Kunio Yamagishi did not experience the Japanese-Canadian internment camp himself, as he was born in Fukushima, Japan, and educated in Tokyo. He then immigrated to Canada without knowing about the internment camps. He was devastated when he found out about it, and has suffered from ambivalence towards Canada since. One of the ways he was able to reconcile that dilemma, together with the Canadian Government's official apology, was write a fictional book, The Return of a Shadow (London, Austin Macauley, 2018). His novel is based on historical facts, but his protagonist, Eizo Osada, is fictitious. In the 1930s, Eizo leaves his wife and three young sons, one of them only two years old, to come to Canada to earn money for the family back in Japan. Then, Japan attacks Pearl Harbor and Eizo is sent to an internment camp. Eizo returns to his family after 43 years in Canada, but will his family accept him? In 2019, The Return of a Shadow was shortlisted for the Rubery Prize, an international book award for indie writers, self-published authors and books published by independent presses.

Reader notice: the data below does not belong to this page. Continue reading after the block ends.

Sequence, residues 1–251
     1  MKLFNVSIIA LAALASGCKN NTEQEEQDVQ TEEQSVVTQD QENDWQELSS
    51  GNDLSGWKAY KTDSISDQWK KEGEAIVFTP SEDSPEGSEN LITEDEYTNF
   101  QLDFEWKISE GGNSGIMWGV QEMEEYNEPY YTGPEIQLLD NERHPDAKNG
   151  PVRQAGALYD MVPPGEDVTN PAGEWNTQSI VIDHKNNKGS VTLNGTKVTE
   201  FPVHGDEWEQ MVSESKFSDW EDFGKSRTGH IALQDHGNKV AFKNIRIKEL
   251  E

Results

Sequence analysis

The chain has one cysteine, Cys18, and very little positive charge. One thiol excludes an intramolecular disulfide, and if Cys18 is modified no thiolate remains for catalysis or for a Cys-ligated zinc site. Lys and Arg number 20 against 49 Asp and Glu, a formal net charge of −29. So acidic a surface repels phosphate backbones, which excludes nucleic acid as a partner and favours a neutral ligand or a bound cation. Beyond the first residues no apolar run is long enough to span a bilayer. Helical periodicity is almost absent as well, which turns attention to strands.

The Return of a Shadow (Austin Macauley, 2018) C$21.95 9781786937155

[BCBW 2019]